There’s a lot you need to know before you file a trademark. In fact, 80% of DIY filers get their trademarks refused! We are sharing some of the most common mistakes and blunders that people make when coming up with, filing, and protecting their trademark. These mistakes can lead to anything from losing some of the rights that you would otherwise be entitled to, to complete inability to secure any meaningful rights in your brand. As always, we recommend working with a licensed attorney throughout your trademarking process, and we here at Trademark Garden are always happy to walk you through the process, but keep the following in mind as you go.
Selecting a trademark that is too descriptive of the goods/services on offer
Not all words and phrases can be registered with the government as a trademark, as the government requires that the word/phrase used can function to identify a specific brand in a given market. What this means is that words that describe the goods and/or services in general cannot serve as a trademark. For example, the USPTO is unlikely to allow “PHONE FIXED IN 24 HOURS” to serve as a trademark for 24 hour phone repair services because the trademark describes any 24 hour phone repair service. On the other hand, something like “WHAMO! 24 HOUR PHONE REPAIR” is a lot more likely to be accepted as the word “WHAMO!” does not merely describe the service, and could therefore be used to identify your specific phone repair service. For a more complete discussion of trademark distinctiveness, read more here.
Filing a trademark based on a logo on the front of a shirt
Trademarks for clothing are some of the most common trademarks out there, and the most common mistake made by people filing such trademarks is to provide a photo of the front of a shirt bearing the trademark as the “specimen of use” to secure registration. The USPTO requires photographic evidence of actual use of the trademark in order to register and application, and for clothing applications, any use of the trademark on the front of clothing is considered “merely ornamental” and therefore unacceptable. Instead, you will need to submit photographs of the tags, being either hang tags, or back-of-the-neck tags, bearing the appropriate trademark in order to secure registration.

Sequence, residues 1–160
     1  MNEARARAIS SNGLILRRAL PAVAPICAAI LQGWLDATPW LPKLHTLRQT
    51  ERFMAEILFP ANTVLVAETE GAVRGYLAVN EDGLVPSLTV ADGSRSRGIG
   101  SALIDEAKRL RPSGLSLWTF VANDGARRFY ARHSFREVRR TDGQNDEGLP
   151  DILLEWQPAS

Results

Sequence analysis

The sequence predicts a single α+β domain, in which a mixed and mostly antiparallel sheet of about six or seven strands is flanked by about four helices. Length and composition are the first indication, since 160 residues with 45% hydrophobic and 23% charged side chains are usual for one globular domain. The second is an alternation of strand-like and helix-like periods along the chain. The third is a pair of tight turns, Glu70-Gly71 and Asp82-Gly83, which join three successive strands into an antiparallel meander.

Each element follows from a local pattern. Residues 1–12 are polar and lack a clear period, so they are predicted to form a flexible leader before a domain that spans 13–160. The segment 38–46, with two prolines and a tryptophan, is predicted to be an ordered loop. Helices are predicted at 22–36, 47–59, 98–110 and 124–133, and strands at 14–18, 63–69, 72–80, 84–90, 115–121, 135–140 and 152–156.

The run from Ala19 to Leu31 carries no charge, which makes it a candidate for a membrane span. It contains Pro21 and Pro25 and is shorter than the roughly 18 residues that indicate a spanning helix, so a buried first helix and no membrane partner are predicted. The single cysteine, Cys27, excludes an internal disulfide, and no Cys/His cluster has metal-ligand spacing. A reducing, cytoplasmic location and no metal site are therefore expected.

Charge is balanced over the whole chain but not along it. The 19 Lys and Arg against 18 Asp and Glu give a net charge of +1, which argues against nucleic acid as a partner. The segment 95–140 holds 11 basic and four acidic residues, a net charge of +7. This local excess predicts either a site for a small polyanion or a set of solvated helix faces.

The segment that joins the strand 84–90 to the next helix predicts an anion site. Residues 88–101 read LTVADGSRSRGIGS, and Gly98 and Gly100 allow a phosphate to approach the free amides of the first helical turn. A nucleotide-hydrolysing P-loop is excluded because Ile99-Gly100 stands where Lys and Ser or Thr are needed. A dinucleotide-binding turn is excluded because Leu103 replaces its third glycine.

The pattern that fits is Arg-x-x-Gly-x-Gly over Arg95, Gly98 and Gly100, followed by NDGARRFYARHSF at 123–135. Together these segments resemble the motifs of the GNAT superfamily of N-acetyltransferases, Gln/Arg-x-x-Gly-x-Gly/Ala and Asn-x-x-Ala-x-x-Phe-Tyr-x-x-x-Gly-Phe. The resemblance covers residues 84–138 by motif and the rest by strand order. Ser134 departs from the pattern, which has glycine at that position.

Filing a trademark in your own name when it is actually used by your company
One of the most common mistakes made by small business owners filing their first trademarks for their startup is to file those trademarks in the name of the business owner, when the trademark will actually be used by the business entity, such as a corporation or LLC. Remember, the entire purpose of creating a business entity is to separate the assets of the entity from those of the owner as an individual. As such, if the trademark is currently used, or is intended to be used, by the business and not the business owner as a private individual, the trademark must be filed in the name of the business entity. If such a business trademark is filed in the owner ‘s name, it is considered to be void at filing, which is an incurable error, and the application must be refiled. The USPTO will not actually check who is using the trademark, so such a fatally flawed application will actually proceed past USTPO examination, but should the trademark ever need to be enforced, any competent attorney for the opposing side would spot the error in filing, and use it to cancel your trademark.
Using “marketing speak” in the identification of goods and services
Many modern companies use terms like “solution,” “turn-key,” “next generation,” and “leading” to describe their goods and services on their websites, and in their advertising copy. It then seems natural to incorporate such terms into the identification of goods and services provided to the USPTO as part of your trademark application. Do not do this! The USPTO requires that the trademark be described in plain, concise, and complete language, without any jargon or over-broad terms. For example, if your product is downloadable software, describe it as downloadable software, do not describe it as a “solution” or your application will be refused for being impermissibly vague and over-broad.
Filing on items that you are not actually selling at the claimed date of first use
When filing your trademark, you will be required to identify the goods and services that you are providing under the trademark, and although you will need to provide a specimen of use for each class that you file on, you will not need to provide specimens for each individual item in the class. For example, Class 009 contains both computer modems and flashlights. You could, in theory, file on both computer modems and flashlights, provide a specimen showing your use of the trademark on computer modems only, but get the registration for both modems and flashlights as they are in the same class. This is illegal, though unfortunately quite common, as again, the USPTO only requires a specimen for the class, and not for each individual item. Besides being illegal, this practice is best avoided, as it leaves the trademark permanently open to potential cancellation by third parties on grounds that it was filed fraudulently.